House Majority Leader Steny Hoyer (D-Md.) said that Democrats are putting raising the debt ceiling using the reconciliation process “on the table” as Republicans hold strong in their assertion that they will not support increasing the federal government’s borrowing limit.
“In the short term we may well send over a clean debt limit extension to the Senate as a message bill so they can get it done relatively quickly if they can get the votes,” the Maryland Democrat said. “Reconciliation is one option and that’s on the table. … I think both alternatives are available to us.”
Shortly after his comments to reporters, Hoyer clarified that he does not believe it is “the best option, nor the option we’re pursuing.”
His comments come one day after the Senate voted down a House-passed bill to avert a government shutdown that included language to increase the debt limit, with GOP lawmakers arguing that they can’t support the hike as Democrats look to move forward with a sweeping social spending bill. Republicans have repeatedly called on members across the aisle to use the reconciliation process to go it alone, allowing them to bypass the 60-vote threshold in the Senate and pass the increase along party lines.
“Look Mr. President, for more than two months — two months — Republicans have explained that the unified Democratic Party government will not get bipartisan support for a debt limit hike while they write a partisan taxing-and-spending spree behind closed doors. It’s as simple as that,” Senate Majority Leader Mitch McConnell (R-Ky.) said on the Senate floor on Tuesday.
“Bipartisanship isn’t a light switch that Democrats can switch on when they need to borrow money and flip off when they want to spend money. If Democrats want to use fast-track, party-line procedures to ram through trillions more in inflationary socialism, they’ll have to use the same tools to handle the debt limit.”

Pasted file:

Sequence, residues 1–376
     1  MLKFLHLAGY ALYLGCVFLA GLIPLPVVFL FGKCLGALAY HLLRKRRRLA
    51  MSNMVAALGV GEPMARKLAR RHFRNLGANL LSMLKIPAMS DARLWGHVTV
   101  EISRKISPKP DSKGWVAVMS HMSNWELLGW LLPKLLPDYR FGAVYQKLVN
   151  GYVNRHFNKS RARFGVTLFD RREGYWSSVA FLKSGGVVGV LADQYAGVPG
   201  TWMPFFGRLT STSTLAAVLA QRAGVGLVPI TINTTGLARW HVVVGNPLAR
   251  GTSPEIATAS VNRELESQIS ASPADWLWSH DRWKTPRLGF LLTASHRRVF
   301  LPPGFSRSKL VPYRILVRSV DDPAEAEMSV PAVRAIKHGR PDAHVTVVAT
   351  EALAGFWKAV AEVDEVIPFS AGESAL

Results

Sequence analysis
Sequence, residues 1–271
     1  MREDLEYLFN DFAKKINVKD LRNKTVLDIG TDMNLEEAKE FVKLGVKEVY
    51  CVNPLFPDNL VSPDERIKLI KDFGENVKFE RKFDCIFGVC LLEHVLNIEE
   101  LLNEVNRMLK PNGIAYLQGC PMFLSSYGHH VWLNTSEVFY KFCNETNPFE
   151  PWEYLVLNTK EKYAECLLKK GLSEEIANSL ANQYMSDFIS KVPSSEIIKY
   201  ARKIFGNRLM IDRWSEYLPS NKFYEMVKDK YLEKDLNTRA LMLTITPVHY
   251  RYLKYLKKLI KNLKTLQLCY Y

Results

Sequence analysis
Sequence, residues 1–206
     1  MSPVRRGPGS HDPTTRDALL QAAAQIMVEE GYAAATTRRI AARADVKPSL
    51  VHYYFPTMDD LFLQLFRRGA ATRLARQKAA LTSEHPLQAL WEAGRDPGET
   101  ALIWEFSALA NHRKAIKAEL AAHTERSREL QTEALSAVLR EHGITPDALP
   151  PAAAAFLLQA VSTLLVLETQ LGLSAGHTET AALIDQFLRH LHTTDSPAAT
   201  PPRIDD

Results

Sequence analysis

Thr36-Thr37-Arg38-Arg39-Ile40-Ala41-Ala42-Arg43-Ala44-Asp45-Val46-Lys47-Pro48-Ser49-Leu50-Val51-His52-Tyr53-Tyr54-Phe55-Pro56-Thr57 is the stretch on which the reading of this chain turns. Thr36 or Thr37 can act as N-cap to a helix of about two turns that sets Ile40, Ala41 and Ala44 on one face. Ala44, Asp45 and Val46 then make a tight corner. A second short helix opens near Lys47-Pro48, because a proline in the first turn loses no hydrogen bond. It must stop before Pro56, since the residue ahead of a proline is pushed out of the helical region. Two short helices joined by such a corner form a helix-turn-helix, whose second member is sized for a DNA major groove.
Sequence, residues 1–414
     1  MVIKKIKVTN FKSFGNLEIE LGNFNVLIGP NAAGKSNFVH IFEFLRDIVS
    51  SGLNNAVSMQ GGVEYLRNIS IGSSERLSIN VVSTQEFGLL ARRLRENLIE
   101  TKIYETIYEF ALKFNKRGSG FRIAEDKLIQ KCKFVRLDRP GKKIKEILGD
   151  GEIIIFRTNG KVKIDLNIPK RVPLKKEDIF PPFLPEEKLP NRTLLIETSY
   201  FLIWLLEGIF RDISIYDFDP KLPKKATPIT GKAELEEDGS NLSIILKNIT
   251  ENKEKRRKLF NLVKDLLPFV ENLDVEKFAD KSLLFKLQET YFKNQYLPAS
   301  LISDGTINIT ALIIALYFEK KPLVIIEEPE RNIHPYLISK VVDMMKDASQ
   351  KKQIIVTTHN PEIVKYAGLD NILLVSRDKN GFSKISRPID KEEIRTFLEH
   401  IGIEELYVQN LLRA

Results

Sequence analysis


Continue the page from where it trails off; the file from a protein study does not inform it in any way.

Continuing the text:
Democrats have slammed Republicans for withholding their votes, arguing it’s necessary to pay for the previous administration’s spending. Schumer said he is planning to attempt to receive consent to pass it without Republican support.
“Later this afternoon, I will ask unanimous consent for the Senate to hold a vote to increase the debt limit at a majority threshold. In other words, we would get consent that you only need 50 votes, not 60, on this vote to increase the debt limit, and that’s what happened in the past,” Senate Majority Leader Chuck Schumer (D-NY) said on the floor.
“It would be very similar to the process that Leader McConnell cited yesterday, favorably, which allowed for the debt limit to be increased without the minority party providing any of the votes needed to do so.”
So if Republicans want to abscond from their responsibilities—not vote to pay the debt they incurred—so be it. That’s a bad thing, that’s a bad precedent. But this is the way out. It is a way out.
Speaker Nancy Pelosi (D-Calif.) and Schumer spoke with President Biden on Monday evening about their options, including potentially using reconciliation, but leaders have asserted they do not want to start a precedent of raising the debt ceiling along party lines.
Pelosi told reporters that Democrats discussed different paths forward during their caucus meeting on Tuesday morning, highlighting a bill led by Rep. Brendan Boyle (D-Pa.) that would allow the all
“The responsibility for lifting the debt ceiling rests with the Secretary of the Treasury [under Boyle’s bill], and that person, she in this case, would have the authority to lift the Dead Sea, Congress would have the authority to reject that,” she said.
Pelosi added that Rep. Jerrold Nadler (D-NY) a “wants a trillion dollar coin” to address the debt limit, which would not require congressional approval.
House Budget Committee Chairman John Yarmuth (D-Ky.) previously warned that Democrats may not have time to rework the reconciliation bill to include debt limit language.
Treasury Secretary Janet Yellen has warned that Congress has until Oct. 18 until the nation hits its borrowing limit, cautioning that it would have a catastrophic effect on the economy and financial markets.
“We now estimate that Treasury is likely to exhaust its extraordinary measures if Congress has not acted to raise or suspend the debt limit by October 18,” she wrote in a letter to Congress. “At that point, we expect Treasury would be left with very limited resources that would be depleted quickly.”
Yellen told lawmakers at a hearing on Tuesday that it could impact individuals receiving payments including social security checks and payments to the troops.